Fahrenheit & Celsius Temperatures Compared

Written by lance howland
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Fahrenheit & Celsius Temperatures Compared
Values on the Celsius and Fahrenheit scales do not align. (thermometer image by Dron from Fotolia.com)

With most of the world using the Celsius temperature scale, it may seem that the continued use of the Fahrenheit scale in the United States is stubborn and backward. However, the choice to include the Celsius scale in the metric system was arbitrary, and the Fahrenheit scale has several advantages over the Celsius scale.

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Background

German scientist Gabriel Fahrenheit created the first mercury-based thermometer in 1714. To quantify the relationship between mercury height and temperature, Fahrenheit devised a scale in which he set zero degrees as the coldest temperature he could create in his laboratory. In 1742, Anders Celsius created his own scale for the mercury thermometer in which he set zero degrees as the freezing point and 100 degrees as the boiling point of water.

Numerical Comparison

The freezing point of water is 32 degrees Fahrenheit and 0 degrees Celsius. The boiling point of water is 212 degrees Fahrenheit and 100 degrees Celsius. Room temperature is about 68 degrees Fahrenheit and 20 degrees Celsius. The temperature of the human body is 98.6 degrees Fahrenheit and 37 degrees Celsius. The equation to convert degrees Celsius to degrees Fahrenheit is degrees Fahrenheit=degrees Celsius times 1.8, plus 32. According to this equation, Celsius and Fahrenheit are equal at -40 degrees.

Inclusion of Celsius in Metric System

As there is a much larger gap between the freezing and boiling point of water in the Fahrenheit scale, each degree Fahrenheit accounts for a smaller change in temperature. Lord Kelvin decided to use Celsius-sized degrees in his Kelvin scale, which has come to be widely used by scientists. This connection of the Celsius and Kelvin scales convinced the scientific community to include degrees Celsius rather than degrees Fahrenheit in the metric system, according to the article "Is Celsius Better Than Fahrenheit?" on the ericpinder.com website.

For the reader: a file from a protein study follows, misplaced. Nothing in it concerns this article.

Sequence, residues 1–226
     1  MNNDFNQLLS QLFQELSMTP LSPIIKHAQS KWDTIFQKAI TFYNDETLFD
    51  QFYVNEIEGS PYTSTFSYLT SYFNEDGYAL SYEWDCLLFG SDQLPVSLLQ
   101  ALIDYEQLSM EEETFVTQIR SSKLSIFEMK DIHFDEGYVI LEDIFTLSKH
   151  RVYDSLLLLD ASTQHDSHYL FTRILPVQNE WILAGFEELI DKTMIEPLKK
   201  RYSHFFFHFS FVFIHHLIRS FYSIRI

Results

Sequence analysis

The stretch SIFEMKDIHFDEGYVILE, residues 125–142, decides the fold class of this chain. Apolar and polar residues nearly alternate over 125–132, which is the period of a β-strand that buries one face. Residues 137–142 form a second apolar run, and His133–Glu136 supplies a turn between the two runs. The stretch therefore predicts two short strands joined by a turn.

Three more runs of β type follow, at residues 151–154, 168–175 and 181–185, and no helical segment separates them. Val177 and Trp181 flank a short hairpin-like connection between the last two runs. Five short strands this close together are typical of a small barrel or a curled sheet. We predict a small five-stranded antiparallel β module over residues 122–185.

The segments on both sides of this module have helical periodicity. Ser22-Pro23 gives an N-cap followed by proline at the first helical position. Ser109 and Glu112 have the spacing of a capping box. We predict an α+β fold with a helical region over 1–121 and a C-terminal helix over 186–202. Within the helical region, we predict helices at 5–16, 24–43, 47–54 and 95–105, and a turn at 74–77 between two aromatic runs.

Usefulness of Celsius

The Celsius scale is convenient because the difference between the freezing and boiling points is an even 100 degrees. However, these values can change with varying altitudes and pressures. Also, while it is much easier to convert between other metric units such as meters and kilometres--which are often separated by powers of 10--than their U.S. counterparts such as yards and miles (there are 5,280 yards in a mile), using degrees Celsius in calculations rather than degrees Fahrenheit has no inherent benefit. The Celsius scale is advantageously connected to the Kelvin scale; however, Lord Kelvin could have just as easily used Fahrenheit-sized degrees for his scale, according to ccording to the article "Is Celsius Better Than Fahrenheit?"

Usefulness of Fahrenheit

One of the most useful features of the Fahrenheit scale is its relevance to people's everyday life. People usually don't experience temperatures outside of 0 to 100 degrees Fahrenheit. Fahrenheit scale standards for extreme cold and extreme heat are temperatures "in the negatives" and "in the triple digits," respectively. Thus, it is more convenient to communicate the weather using the Fahrenheit scale, especially when compared to the corresponding and more random extremes of temperatures in degrees Celsius (-18 degrees to 38 degrees). In addition, the Fahrenheit scale has the advantage of being more precise due to its smaller degrees. One of the only disadvantages is that its degrees are different sizes from degrees Kelvin.

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